7. One of the spouses is requesting alimony—or spousal maintenance as it is referred to in Texas.
  8. One of the spouses owns or plans to buy real property, such as a home, building, business, piece of land or other real estate.
  9. One of the spouses has an ongoing bankruptcy case.

A number of these issues pertain to children, assets and debts, which frequently complicate divorce. Figuring out child custody, visitation and child support isn’t as easy as it might seem and couples often disagree about decisions pertaining to their kids. The laws pertaining to spousal support, property division and bankruptcies in Texas are also complex, and most couples benefit from seeking legal advice on these matters.

When an uncontested divorce gets complicated, hire a divorce attorney

While many people think they don’t need a lawyer to help with an uncontested divorce in Texas, hiring a reputable divorce attorney to help navigate the divorce process can prevent a lot of headaches. This is especially true when an uncontested divorce becomes contested or any distribution or transfer of property is involved.

In the example above, both parties agreed to get divorced, were aware that a divorce was in process and no community property or children were involved. There are other cases where one party will file for uncontested divorce in Texas, serve the other party with the Petition for Divorce and the responding party then files an answer contesting the divorce. We strongly recommend hiring a divorce attorney in such cases, as the process can quickly turn into a long, drawn-out battle.

When a divorce is contested and no minor children are involved, community property or alimony—spousal maintenance in Texas—might be at issue. A divorce attorney can help negotiate a fair financial settlement and also ensure that any ancillary documents are filled out and filed appropriately.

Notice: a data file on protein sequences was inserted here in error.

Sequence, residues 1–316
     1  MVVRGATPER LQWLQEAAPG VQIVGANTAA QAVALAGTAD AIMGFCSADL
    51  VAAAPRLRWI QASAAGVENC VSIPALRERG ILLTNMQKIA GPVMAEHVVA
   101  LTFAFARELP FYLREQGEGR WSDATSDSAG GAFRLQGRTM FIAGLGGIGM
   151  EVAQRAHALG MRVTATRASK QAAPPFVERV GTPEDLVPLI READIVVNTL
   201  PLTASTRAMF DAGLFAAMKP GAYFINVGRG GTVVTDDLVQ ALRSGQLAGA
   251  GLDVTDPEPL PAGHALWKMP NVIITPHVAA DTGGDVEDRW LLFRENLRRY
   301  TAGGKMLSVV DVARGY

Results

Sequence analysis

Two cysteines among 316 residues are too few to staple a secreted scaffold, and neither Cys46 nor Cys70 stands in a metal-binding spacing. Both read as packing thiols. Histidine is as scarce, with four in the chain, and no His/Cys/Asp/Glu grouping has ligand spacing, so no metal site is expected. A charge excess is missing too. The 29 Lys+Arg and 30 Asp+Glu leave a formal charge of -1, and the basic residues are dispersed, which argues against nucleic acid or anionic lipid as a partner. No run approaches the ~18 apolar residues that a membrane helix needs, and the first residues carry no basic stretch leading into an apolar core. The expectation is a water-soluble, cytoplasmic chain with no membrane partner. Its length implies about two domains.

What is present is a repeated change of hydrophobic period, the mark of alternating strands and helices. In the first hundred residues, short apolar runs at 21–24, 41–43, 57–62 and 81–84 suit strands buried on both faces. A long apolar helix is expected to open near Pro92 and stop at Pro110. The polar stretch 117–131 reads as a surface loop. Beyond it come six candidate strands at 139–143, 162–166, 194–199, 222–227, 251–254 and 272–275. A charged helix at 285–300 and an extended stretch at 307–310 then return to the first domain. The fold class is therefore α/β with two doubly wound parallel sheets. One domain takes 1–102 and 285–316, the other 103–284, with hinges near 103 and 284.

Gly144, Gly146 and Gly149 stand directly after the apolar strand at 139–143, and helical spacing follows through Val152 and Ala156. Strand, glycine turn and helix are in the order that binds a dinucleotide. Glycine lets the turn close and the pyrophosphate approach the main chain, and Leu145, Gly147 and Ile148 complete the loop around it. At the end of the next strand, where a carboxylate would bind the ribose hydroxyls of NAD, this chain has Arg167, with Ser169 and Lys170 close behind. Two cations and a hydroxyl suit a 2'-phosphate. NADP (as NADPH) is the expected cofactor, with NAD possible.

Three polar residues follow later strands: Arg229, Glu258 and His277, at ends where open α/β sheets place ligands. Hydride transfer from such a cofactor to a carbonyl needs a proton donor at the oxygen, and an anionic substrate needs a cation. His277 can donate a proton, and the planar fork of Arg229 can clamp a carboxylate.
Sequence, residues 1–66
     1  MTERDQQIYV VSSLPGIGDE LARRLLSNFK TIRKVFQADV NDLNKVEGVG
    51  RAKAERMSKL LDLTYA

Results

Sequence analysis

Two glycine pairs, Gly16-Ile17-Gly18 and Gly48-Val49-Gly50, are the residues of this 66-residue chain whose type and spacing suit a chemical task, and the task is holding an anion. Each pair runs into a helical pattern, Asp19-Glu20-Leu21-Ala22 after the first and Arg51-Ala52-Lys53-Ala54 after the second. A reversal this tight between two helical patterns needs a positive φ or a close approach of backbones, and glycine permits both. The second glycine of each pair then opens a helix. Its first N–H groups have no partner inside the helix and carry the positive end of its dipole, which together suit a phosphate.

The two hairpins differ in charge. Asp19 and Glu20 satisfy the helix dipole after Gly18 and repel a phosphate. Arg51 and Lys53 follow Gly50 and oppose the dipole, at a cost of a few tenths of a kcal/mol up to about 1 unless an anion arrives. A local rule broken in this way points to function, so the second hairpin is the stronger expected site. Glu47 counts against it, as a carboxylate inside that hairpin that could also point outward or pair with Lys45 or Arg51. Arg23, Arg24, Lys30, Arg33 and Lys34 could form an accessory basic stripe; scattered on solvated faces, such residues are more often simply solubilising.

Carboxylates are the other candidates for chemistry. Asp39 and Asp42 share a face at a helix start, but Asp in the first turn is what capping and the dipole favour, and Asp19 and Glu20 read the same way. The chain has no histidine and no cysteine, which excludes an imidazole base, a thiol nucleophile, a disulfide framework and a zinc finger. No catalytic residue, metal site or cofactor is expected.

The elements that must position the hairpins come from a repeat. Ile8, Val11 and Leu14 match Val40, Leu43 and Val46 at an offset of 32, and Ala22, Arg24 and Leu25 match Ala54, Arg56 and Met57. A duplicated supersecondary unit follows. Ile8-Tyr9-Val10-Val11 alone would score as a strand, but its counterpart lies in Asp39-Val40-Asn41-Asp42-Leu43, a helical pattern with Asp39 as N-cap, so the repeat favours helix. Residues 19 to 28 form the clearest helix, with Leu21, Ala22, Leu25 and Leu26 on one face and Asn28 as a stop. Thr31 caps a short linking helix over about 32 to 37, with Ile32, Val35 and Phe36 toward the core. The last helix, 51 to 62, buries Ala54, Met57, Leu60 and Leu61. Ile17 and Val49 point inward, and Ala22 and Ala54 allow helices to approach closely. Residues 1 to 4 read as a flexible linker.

For example, if the parties reach an agreement to share monies in their retirement accounts, a QDRO (qualified domestic relations order) must be filed. According to the Internal Revenue Service, a QDRO is “a judgment, decree or order for a retirement plan to pay child support, alimony or marital property rights to a spouse, former spouse, child or other dependents of a participant.”

Our Fort Worth family lawyers strongly recommend you hire an experienced family law attorney to help facilitate QDROs and other paperwork to transfer ownership of property. An attorney can help ensure you receive your fair share of the property and fill out the paperwork correctly. Paperwork filled out incorrectly could be rejected, or worse, bind you to an agreement you can’t reverse once your divorce is finalized.

Read about the Retirement Asset Division In Fort Worth

When to hire a Texas mediation lawyer to help with an uncontested divorce in Texas

If you and your spouse agree on everything, own no real property and don’t have minor children, you may not need an attorney. You can request the appropriate Texas uncontested divorce forms from your county clerk’s office or download them from the state’s website.

However, if you and your spouse agree on most things and need an impartial attorney to sort out a few details and prepare the Final Decree of Divorce, hiring a mediation attorney can simplify and even expedite the process.

For example, consider the case of an uncontested divorce in Texas with a child: 

If a divorce is uncontested, this means the couple has sorted everything out regarding the division of assets, as well as custody, visitation and access to the child, they just want to talk through a few issues and make sure paperwork is filled out accurately and filed. A mediation attorney with experience practicing family law can answer any questions you may have.